In October of last year, when Hollyoaks announced the introduction of a male rape storyline, many commentators queried the decision. A number suggested the issue had been "done already", citing the gang rape of Gary Lucy's character on the same soap back in 2000. However the current story of teacher John Paul McQueen being raped by a male student remains culturally groundbreaking. Over the past seven months, it has become evident that the main story being dealt with by the soap, is not the rape of a man by another man, but the victim's agonising silence. It is a frustrating, heart-wrenching tale, involving a well-loved character, which has brought one of the last social taboos to the foreground of our cultural vernacular.
Unfortunately silence is something which typifies acts of rape against men, because male victims are far less likely to speak out than their female counterparts. Duncan Craig, the CEO of Survivors Manchester, a survivor-led charity focused on supporting male victims of rape and sexual abuse, explains that there are various reasons for this reaction. "When a man admits that he's been raped, what he's saying is that he's had someone's penis inserted inside his bum. And that's an act which attacks the very fabric of masculinity. There's the idea that females are penetrated, and that men are the penetrators. So if, as a male, you've been penetrated, does that make you like a female?" Victims of male rape often struggle with worries that the attack has somehow affected their own sexuality. In addition to the irrational feelings of guilt and self-blame experienced by any victim of rape, male victims are also often ashamed because they failed to fight off their attacker. They believe that as men they should have possessed the strength to fight off the other man, and that in failing to do so, they have failed to uphold their masculinity.
In February of this year the Ministry of Justice announced funding for male victims of sexual abuse for the first time, a campaign named #BreakTheSilence, which is supported by both Hollyoaks and Survivors Manchester. As a result £500,000 has been assigned to the provision of counseling and advice services to male survivors.
"It's not the money, which is important," James Sutton, the actor portraying John Paul McQueen explains. "It's the fact [that awareness of this storyline] has opened up a dialogue between our government and the charities which deal with these things. We have to acknowledge that this is a problem, and we have to offer support and advice to the young men who are suffering in complete silence."
The #BreakTheSilence social media campaign has seen male rape discussed in papers and on TV, but perhaps more importantly also online in internet forums and on Twitter. "That's a really big deal," James Sutton continues, "because it's really heavy stuff. But it's absolutely vital. The more it's talked about, the more men will realize that they're not on their own, and that there is help available. They need to understand it's not their fault, that they haven't been de-masculated, and that they shouldn't feel guilt for not having fought their attacker off."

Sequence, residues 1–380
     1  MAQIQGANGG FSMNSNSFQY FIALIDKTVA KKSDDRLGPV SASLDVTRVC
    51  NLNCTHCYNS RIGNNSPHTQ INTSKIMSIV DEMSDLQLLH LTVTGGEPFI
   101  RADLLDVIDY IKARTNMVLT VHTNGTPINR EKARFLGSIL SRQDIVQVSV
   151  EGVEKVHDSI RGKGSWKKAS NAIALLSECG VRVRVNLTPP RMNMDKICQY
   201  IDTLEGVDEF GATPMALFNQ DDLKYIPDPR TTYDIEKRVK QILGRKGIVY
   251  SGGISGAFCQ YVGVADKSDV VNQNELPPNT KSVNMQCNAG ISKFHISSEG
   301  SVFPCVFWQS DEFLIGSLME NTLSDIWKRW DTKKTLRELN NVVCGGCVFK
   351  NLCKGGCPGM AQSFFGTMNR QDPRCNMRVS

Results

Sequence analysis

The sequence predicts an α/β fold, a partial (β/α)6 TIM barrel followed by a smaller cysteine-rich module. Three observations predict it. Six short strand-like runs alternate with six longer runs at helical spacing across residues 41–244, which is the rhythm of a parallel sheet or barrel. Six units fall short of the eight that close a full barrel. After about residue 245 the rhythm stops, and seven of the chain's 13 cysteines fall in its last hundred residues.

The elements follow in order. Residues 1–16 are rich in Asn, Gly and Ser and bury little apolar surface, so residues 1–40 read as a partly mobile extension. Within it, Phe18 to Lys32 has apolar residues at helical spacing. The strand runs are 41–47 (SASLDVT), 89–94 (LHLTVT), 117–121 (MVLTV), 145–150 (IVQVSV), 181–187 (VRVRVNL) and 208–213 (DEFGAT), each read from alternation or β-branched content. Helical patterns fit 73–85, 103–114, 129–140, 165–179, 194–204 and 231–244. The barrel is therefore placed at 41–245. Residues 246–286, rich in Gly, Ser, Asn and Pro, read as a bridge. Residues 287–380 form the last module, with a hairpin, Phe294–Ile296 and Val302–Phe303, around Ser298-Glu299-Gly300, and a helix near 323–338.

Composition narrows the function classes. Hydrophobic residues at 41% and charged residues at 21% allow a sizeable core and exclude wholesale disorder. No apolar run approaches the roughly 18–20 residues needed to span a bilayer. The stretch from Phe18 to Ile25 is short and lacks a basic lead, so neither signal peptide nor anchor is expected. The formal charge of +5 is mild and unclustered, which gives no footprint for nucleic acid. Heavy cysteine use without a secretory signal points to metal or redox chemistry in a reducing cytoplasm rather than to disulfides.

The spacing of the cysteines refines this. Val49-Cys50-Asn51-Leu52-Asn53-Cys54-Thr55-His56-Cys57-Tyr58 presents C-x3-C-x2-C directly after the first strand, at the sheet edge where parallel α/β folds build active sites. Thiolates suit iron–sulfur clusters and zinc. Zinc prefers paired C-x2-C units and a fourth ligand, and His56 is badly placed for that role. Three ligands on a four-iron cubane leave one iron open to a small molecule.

Duncan Craig is full of praise for the Hollyoaks storyline. "In years to come I want to contact the producers, and show them just how much they've achieved. I don't say this lightly - they have changed our social landscape. This isn't just a cultural reference; this is a world-changing reference, because now we have something to talk about, in the same way that the world changed with Operation Yew Tree. It's permission giving. It gives victims the permission to speak out. It's what happens in my therapy room, but on a national scale."
Duncan describes the way in which he, as a survivor of rape himself, often breaks the silence with victims in the therapy room. "I talk about my stuff, to show them it's ok to talk about it ... There's something very important about the words 'rape' and 'sexual abuse'. Often the victims can't use those words. They use terms like 'when I was hurt', or 'when he did that', and I'll ask them 'What are we talking about?' because fundamentally if we're trying to break the silence, then we need to point at it, and identify what we're actually talking about. The words are so potent and toxic, and when you begin using them, it says so much. Often victims will begin by referring to rape as 'the R word', and when they feel safe talking about it, I ask them what that word is. Finally, when someone does say it, often it is followed by an outpouring of emotion. Not only a recognition of what they've said, but also the recognition of what happened. Using the word becomes the final nail in the coffin of the acceptance of the fact that they were 'raped' and what that actually means. It's a really big process, and they need to conquer the word. In that moment of disclosure, finally they own it."
He describes the role of the therapist as one of a facilitator, introducing painfully expressive words into the victim's vocabulary, and this is a role which the soap opera has taken on, by breaking the cultural silence surrounding male rape. Tonight on E4, John Paul's harrowing silence will finally be broken, with the help of another character. The soap has used this portrayal of the lengthy process of coming to terms with rape to give victims social permission to talk about their experiences. James describes a particularly moving reaction of a teenage victim, unable to communicate details of his abuse to anyone. On watching the Hollyoaks storyline unfold, he wrote James a letter in broken text-speech - the only way he knew how to communicate. James wrote back, and encouraged by the actor's response, the teenager now continues to talk about his ordeal in the form of letters - just one of the multiple real-life silences broken by the pioneering story.